Numerous studies have implicated the uncontrolled proliferation of smooth muscle cells within the arterial wall resulting from injury initiated by angioplasty as a prominent factor in restenosis as well as the formation of the initial atherosclerotic lesion. Included in approaches to the problem of the initial occlusion have been attempts to achieve inhibition of smooth muscle cell proliferation by administration of photoactivatable chemical agents which provide some degree of cytotoxic reaction. This work has chiefly centered on hematoporphyrin and its derivatives. For example, dihematoporphyrin ester and ether exhibit greater inhibition of plaque cell proliferation in culture than proliferation of smooth muscle cells derived from nonatherosclerotic arteries, suggesting an increased activity against plaque cells. Dartsch et al., Differential Effect of Photofrin II On Growth Of Human Smooth Muscle Cells From Nonatherosclerotic Arteries And Atheromatous Plaques In Vitro, Arteriosclerosis 10:616 (1990). Also, ultraviolet radiation of hematoporphyrin ester and ether has been found to intensify destruction of smooth muscle cells from atherosclerotic plaque as compared with nonatherosclerotic arterial cells. Dartsch et al., Responses Of Cultured Smooth Muscle Cells From Human Nonatherosclerotic Arteries And Primary Stenosing Lesions After Photoradiation: Implications For Photodynamic Therapy of Vascular Stenoses, J. Am. Coll. Cardiol. 15:1545 (1990).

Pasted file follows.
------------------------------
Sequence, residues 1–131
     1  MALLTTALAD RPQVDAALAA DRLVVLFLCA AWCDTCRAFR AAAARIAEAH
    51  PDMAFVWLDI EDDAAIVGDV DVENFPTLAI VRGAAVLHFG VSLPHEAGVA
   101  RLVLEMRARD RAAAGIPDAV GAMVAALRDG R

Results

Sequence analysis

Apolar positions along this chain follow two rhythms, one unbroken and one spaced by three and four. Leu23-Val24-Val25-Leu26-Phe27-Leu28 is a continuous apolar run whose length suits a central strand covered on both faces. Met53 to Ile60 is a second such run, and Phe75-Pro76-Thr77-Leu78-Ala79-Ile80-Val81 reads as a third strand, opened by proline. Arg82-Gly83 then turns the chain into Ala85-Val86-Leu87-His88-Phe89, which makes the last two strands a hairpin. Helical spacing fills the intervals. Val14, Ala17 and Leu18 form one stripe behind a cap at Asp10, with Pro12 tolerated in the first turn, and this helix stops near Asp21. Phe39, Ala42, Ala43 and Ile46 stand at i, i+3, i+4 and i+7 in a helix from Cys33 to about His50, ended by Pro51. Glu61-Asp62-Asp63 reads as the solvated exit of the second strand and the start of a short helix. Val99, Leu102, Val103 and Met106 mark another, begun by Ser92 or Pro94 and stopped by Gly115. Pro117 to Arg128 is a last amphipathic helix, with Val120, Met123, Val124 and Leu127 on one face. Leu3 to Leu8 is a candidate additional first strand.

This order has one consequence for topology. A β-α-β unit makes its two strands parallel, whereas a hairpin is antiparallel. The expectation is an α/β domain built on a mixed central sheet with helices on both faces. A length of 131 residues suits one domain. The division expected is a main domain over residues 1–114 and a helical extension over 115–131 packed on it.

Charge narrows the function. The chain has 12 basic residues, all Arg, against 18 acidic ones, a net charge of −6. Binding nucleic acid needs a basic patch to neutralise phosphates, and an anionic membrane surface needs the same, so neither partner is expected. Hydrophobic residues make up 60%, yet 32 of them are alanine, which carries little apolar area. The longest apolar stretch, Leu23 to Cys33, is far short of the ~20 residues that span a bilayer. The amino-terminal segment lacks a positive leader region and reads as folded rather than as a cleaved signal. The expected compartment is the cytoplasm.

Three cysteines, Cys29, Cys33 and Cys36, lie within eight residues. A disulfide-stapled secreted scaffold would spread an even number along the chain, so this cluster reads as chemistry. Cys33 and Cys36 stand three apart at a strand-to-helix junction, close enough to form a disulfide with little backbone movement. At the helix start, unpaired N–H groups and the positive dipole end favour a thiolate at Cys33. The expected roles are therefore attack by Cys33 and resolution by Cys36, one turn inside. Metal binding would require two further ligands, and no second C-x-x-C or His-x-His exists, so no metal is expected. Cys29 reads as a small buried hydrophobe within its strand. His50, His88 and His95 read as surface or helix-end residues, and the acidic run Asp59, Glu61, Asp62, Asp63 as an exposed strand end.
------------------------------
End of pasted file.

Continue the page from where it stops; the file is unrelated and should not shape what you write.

Other laboratory studies have demonstrated selective absorption of hematoporphyrins by atheromatous plaques which, on irradiation, induce fluorescence that permits imaging of the plaques. U.S. Pat. No. 4,577,636 (Spears). Animal studies have produced proposals for the destruction of atheromatous plaque by photoactivated hematoporphyrins. U.S. Pat. Nos. 4,512,762 and 4,773,899 (Spears).